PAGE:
Chapter 2: The Ring of Cities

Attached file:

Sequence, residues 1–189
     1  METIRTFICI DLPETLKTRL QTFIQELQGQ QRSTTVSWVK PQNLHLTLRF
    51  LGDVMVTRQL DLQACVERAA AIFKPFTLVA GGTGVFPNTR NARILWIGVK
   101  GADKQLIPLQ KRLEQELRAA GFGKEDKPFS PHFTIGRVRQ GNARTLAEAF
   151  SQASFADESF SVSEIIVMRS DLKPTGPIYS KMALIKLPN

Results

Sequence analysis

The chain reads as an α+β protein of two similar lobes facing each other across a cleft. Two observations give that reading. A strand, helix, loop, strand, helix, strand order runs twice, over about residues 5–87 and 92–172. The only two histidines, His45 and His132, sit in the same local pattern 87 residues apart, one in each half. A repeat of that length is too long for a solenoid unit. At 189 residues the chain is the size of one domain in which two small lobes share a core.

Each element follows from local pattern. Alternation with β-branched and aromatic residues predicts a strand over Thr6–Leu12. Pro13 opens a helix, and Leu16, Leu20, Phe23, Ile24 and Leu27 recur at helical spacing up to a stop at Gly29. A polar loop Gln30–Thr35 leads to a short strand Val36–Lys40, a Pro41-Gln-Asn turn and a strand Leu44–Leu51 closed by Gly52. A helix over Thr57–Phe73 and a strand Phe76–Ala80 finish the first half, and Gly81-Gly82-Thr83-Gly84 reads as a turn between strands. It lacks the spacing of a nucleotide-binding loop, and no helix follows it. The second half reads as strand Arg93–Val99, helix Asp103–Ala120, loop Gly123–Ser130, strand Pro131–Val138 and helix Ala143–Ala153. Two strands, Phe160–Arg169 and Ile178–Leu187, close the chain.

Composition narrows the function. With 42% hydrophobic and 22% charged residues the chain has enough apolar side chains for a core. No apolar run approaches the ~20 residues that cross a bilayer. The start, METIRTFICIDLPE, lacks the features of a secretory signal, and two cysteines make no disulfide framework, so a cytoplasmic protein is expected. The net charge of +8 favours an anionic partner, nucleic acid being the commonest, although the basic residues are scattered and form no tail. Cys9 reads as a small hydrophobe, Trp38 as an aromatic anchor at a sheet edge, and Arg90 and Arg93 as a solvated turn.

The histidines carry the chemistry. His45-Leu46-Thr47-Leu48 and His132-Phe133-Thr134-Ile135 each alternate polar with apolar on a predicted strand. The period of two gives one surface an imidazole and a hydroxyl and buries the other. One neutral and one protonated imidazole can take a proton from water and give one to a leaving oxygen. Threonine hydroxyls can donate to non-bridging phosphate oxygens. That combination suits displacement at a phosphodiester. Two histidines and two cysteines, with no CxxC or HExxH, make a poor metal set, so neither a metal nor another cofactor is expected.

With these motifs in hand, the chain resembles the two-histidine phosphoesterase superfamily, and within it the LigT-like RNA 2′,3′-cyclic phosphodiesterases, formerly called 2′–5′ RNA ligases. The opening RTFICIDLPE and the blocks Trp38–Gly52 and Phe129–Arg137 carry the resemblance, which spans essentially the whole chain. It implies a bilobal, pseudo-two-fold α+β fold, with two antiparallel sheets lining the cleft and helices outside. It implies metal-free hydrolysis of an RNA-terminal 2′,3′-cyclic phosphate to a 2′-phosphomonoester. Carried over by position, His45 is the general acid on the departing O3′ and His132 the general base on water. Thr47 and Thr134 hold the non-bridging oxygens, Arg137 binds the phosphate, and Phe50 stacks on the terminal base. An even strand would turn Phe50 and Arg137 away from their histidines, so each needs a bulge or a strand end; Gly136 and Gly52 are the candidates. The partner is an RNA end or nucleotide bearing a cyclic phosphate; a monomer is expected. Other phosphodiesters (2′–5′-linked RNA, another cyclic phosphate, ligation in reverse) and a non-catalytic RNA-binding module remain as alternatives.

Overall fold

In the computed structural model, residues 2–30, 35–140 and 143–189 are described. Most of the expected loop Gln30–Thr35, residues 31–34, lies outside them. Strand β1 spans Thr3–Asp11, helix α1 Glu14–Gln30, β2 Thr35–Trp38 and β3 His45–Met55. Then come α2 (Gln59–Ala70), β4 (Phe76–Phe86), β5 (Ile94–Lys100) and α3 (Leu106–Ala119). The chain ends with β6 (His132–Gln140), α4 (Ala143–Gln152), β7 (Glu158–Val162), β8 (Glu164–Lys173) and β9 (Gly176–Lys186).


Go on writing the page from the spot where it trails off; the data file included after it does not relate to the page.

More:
In the last decades of the tenth century and the ﬁrst decades of the eleventh, a profound transformation began to spread across Western Europe. The most visible indication of the change was that the minor nobility started to build castles, ﬁrst of wood and later of stone. From there, they proceeded to dominate the peasants of the surrounding countryside, suppressing the previous distinction between free and servile status. Changes also took place within the family. In documents of the period, the surname or patronymic appeared for the ﬁrst time in European history. Usually the name was taken from the family’s principal estate.1 At the top of the social pyramid, primogeniture became the norm for transfer of property from one generation to the next, younger sons having to accept careers as warriors or priests. The new institution underlying this transformation is known as the seigneurie banale or feudal manor, and the social system itself is described as feudalism. Between the end of the invasions and the ﬁrst decades of the new millennium, this form of organization replaced the previous patchwork of great estates and free landholdings between the Pyrenees and the Rhine in Western Europe.2 In place of labor services, the feudal landholders collected rents for use of the new equipment they installed. Whatever their status, peasants were obliged to have their wheat ground in the lord’s mill and bake their bread in the lord’s oven.3 In Picardy, where this transformation came earlier than in many other regions, payments in kind...
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